Jeannie Epper, trailblazing Hollywood stuntwoman, dies at 83

Jeannie Epper cradles a large golden trophy with both hands
Stuntwoman Jeannie Epper at the Taurus World Stunt Awards in 2007.
(Eric Charbonneau / WireImage)
Share via

Jeannie Epper, a pioneering stuntwoman who performed in more than 100 films and television series, has died. She was 83.

Epper died Sunday night of natural causes surrounded by family at her home in Simi Valley, a spokesperson confirmed Monday.

In a long career spent bursting through doors, kicking down walls and falling off roofs, Epper changed the course for women in the industry when she became Lynda Carter’s stunt double on the 1970s TV series “Wonder Woman.” It was Epper, standing in for Kathleen Turner, who was swept down a mudslide in “Romancing the Stone” — for which she received a 1985 Stuntman Award for most spectacular stunt in a feature film.


In a blond wig, Epper took the blows for Linda Evans in those iconic catfights with Joan Collins on the nighttime soap “Dynasty.” It’s Epper’s stunt-driving that audiences see when Shirley MacLaine throws Jack Nicholson from her Corvette in the movie “Terms of Endearment.”

Epper’s prolific career includes stuntwork in “The Bionic Woman,” “Charlie’s Angels,” “Robocop,” “The Italian Job” and “Kill Bill: Vol. 2.” Epper was profiled alongside fellow stuntwoman Zöe Bell in the 2004 documentary “Double Dare.”

Olivia Summers and Dee Bryant are building a team of all-women stunt drivers to make the stunt-driving industry more inclusive.

April 10, 2024

Epper has been called the “godmother of stuntwomen” and “the grand matron of Hollywood stuntwomen,” working well past retirement age. At age 74, she performed stunts in the 2015 comedy “Hot Pursuit,” starring Sofia Vergara and Reese Witherspoon.

“She certainly qualifies to be one of the greatest stunt coordinators,” said director Steven Spielberg, who worked with Epper on “Catch Me If You Can” and “Minority Report.”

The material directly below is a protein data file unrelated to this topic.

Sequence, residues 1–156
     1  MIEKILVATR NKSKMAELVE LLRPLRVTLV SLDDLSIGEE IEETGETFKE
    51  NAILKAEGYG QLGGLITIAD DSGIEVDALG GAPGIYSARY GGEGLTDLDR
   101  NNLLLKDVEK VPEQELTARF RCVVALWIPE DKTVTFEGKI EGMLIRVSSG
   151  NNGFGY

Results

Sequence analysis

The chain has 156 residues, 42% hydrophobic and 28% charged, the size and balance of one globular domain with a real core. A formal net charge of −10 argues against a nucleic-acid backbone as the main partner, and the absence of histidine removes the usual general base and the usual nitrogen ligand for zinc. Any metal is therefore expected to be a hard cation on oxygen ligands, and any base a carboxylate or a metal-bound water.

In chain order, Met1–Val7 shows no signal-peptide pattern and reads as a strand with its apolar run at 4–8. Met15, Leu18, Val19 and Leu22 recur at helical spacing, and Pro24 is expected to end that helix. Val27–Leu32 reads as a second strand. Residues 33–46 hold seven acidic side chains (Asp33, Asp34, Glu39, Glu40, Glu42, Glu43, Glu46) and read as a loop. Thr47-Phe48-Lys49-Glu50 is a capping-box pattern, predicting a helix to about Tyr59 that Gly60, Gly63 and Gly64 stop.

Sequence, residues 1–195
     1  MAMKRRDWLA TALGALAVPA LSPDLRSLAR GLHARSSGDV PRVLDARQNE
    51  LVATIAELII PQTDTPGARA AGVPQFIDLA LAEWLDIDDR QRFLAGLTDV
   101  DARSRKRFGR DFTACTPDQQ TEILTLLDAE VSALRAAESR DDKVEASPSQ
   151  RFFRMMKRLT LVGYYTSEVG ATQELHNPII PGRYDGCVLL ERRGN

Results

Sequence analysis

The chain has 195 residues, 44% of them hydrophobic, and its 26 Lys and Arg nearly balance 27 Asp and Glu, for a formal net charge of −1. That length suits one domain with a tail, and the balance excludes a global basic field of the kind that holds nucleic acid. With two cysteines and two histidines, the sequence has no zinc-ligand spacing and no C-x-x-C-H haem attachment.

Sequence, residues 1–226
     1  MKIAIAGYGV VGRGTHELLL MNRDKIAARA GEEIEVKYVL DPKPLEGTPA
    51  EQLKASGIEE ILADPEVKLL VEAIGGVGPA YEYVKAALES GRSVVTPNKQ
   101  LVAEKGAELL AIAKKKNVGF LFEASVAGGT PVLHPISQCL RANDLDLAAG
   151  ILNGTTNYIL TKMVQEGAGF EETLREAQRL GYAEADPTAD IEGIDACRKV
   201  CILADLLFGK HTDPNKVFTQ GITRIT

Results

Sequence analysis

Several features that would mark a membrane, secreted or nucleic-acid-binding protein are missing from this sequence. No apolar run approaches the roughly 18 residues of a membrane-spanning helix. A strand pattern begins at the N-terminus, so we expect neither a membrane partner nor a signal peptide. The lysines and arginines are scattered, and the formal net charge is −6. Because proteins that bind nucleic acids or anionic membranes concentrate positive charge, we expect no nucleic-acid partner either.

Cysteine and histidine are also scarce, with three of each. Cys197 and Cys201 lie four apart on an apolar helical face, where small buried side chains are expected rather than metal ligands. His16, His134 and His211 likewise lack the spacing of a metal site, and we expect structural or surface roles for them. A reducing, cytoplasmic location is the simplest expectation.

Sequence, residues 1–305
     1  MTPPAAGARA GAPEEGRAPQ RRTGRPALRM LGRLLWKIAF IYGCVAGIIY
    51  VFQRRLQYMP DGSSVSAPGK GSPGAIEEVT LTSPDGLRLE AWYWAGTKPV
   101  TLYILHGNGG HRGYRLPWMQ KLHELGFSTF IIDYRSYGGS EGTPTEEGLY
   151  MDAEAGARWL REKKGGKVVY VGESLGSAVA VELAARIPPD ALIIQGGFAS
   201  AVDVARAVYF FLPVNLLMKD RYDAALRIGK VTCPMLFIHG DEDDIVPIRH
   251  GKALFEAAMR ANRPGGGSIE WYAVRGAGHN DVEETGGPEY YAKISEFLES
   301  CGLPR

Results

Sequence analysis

Epper was a “vanguard who paved they way for all other stuntwomen who came after,” Carter said in a tribute posted Monday on X (formerly Twitter).

“We were united in the way that women had to be in order to thrive in a man’s world, through mutual respect, intellect and collaboration,” she wrote. “Just as Diana was Wonder Woman, Jeannie Epper was also a Wonder Woman. She is so beautiful to me. Jeannie, I will miss you.”


She was born Jean Luann Epper in 1941 to John and Frances Epper, both professional stunt performers. In the 1920s, Epper’s father immigrated to the United States from Switzerland and established a riding academy in Los Angeles, where he later became a stuntman for movies, specializing in horseback stunts and doubling for actors including Ronald Reagan and Gary Cooper.

Jeannie Epper grew up in North Hollywood with five brothers and sisters — all of whom worked as stuntpeople. Her three children and grandchildren also went into the family business.

Epper was a skilled rider, and at age 9, she broke into stuntwork, riding a horse bareback down a mountain for a 1950s TV show, becoming one of the first professional child stunt doubles.

For four generations, from ‘Psycho’ to ‘Wonder Woman,’ these stuntwomen and -men have been doing Hollywood’s dirty work.

Jan. 31, 1999

“My father said it could be dangerous, but he knew I was an excellent rider,” she told The Times in 1999. “He kept telling me to keep my head up, but that’s about all. I think he didn’t want to over-concern me. There’s a fine line between being concerned and destroying someone’s confidence.”

The series marked the start of Epper’s game-changing career in the male-dominated industry.

Although Epper came from a family of stuntpeople, it was typical when she began working for men to wear wigs while doing stunts for female actors. But thanks to persistence and shifts in attitudes and fashion, Epper changed the business.


“Actresses began saying, ‘I don’t want a hairy-legged guy doing this for me,’” she told The Times in 1999. “And women were wearing less and less clothes in front of the camera, and it was so obvious it was a man.”

Later, as a stunt coordinator, Epper recalled dealing with men who resented taking orders from a woman.

While working on the 1980s police series “Cagney & Lacey,” she described a guest actor who not only couldn’t throw a convincing punch but also refused to be instructed by a woman, allowing only other stuntmen on set to show him what to do.

Two stuntwomen, generations apart, reveal the humor and drama of their craft in this warm documentary.

April 22, 2005

“He threw the punch well enough to shoot the scene,” she said. “But he still couldn’t throw it like a man.”

In 2019, on the occasion of Epper’s being honored at the Artemis Women in Action Film Festival, Melanie Wise — a producer, actor, stuntwoman and founder of the organization — said, “Jeannie inspired a wave of women to get into stunts. They are in awe of her.”

Epper was a founding member of the Stuntwomen’s Assn. of Motion Pictures and an honorary member of the Stuntmen’s Assn. of Motion Pictures.


She is survived by husband Tim Kimack, daughter Eurlyne Epper, son Richard Epper, five grandchildren and seven great-grandchildren. She was preceded in death by son Kurtis Epper, who was also a stunt performer.

Times staff writer Nardine Saad contributed to this report.